WASHINGTON (NEWSnet/AP) — A man’s death in Mexico was caused by a strain of bird flu called H5N2 that was not before found in a human, the World Health Organization said Wednesday.

The WHO said it wasn’t clear how the man became infected, although H5N2 is known to be among poultry in Mexico. Health authorities are closely watching for any signs that the viruses are evolving to spread easily from person to person.

The identified variations of bird flu include H5N1 that has infected multiple dairy cow herds in the U.S. Three farmworkers have gotten mild infections.

There were also 18 people reported dead in China during an outbreak of H5N6 in 2021, according to a timeline of bird flu outbreaks from the U.S. Centers for Disease Control and Prevention.

Mexican health officials alerted the WHO on the H5N2 case, noting that a 59-year-old man who died in a Mexico City hospital had the virus despite no known exposure to poultry or other animals.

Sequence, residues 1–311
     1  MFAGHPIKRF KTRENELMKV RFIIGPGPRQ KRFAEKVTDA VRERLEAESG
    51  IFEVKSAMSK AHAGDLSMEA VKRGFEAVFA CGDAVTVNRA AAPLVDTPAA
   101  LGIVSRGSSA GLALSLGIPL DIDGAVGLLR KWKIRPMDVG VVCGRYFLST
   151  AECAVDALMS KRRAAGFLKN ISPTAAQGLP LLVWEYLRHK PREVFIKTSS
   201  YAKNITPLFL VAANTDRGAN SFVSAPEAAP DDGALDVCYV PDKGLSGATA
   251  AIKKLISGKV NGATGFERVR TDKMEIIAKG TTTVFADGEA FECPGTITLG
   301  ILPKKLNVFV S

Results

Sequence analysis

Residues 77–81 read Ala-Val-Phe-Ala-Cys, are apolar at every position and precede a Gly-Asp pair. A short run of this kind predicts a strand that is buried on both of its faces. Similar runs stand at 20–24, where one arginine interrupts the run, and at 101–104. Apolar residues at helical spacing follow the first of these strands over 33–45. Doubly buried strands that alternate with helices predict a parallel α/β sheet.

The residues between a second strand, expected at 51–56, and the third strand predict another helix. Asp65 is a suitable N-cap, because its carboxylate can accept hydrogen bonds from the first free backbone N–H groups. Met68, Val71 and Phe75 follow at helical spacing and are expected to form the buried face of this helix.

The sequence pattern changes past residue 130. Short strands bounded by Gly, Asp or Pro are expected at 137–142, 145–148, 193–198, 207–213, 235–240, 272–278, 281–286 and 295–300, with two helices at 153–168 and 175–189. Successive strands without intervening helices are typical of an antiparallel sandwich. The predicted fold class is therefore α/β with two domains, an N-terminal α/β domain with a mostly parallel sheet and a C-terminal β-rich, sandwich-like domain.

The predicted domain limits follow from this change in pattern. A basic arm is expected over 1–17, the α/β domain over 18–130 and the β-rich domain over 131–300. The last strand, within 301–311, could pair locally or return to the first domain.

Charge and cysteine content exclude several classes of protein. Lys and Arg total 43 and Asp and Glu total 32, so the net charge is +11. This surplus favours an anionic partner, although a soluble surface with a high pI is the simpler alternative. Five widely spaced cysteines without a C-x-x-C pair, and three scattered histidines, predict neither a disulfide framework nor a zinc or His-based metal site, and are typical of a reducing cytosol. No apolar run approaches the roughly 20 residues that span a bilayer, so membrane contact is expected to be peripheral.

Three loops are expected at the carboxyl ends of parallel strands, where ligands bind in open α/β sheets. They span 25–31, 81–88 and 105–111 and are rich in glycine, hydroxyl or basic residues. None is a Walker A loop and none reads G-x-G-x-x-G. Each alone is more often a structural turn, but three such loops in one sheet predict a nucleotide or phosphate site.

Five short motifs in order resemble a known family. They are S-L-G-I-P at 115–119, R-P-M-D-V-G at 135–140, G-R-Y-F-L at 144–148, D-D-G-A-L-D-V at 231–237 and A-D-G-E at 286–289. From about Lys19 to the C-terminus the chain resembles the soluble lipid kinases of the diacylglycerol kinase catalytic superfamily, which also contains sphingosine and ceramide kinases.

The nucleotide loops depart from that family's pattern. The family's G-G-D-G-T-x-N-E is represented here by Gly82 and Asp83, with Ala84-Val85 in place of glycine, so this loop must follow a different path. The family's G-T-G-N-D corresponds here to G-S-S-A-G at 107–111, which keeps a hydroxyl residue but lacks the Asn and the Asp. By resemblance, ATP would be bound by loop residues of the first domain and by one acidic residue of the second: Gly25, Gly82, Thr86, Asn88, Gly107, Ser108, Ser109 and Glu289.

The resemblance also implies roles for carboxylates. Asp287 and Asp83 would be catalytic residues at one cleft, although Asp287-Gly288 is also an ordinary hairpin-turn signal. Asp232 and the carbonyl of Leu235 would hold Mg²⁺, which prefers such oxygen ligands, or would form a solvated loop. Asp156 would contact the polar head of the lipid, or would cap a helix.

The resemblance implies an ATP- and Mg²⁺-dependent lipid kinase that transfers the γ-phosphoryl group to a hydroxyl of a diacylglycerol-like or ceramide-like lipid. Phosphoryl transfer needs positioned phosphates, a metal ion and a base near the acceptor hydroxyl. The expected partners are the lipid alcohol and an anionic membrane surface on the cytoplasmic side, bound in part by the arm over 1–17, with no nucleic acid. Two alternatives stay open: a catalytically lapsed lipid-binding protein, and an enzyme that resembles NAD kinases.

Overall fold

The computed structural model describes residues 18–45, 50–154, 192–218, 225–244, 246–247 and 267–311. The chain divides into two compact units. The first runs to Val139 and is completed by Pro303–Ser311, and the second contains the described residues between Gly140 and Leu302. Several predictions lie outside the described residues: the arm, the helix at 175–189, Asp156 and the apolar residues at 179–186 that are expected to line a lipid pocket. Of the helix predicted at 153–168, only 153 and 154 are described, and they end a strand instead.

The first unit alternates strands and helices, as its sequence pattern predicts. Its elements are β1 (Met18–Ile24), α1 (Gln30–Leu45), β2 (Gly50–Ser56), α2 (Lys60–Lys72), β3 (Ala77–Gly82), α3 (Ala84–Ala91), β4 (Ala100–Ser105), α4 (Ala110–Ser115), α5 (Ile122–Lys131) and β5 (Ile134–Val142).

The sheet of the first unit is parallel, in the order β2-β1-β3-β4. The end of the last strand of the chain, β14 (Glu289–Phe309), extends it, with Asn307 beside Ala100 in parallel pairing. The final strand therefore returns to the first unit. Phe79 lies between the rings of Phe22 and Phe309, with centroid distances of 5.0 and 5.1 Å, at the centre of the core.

According to family members, the WHO release said, the patient had been bedridden for unrelated reasons before developing a fever, shortness of breath and diarrhea on April 17. Mexico’s public health department said in a statement that he had underlying ailments, including chronic kidney failure, diabetes and high blood pressure. Hospital care was sought on April 24 and the man died the same day.

Initial tests showed an unidentified type of flu that subsequent lab testing confirmed was H5N2.

No further human cases have been discovered on this variation, despite testing people who came in contact with the deceased man both at home and in the hospital.

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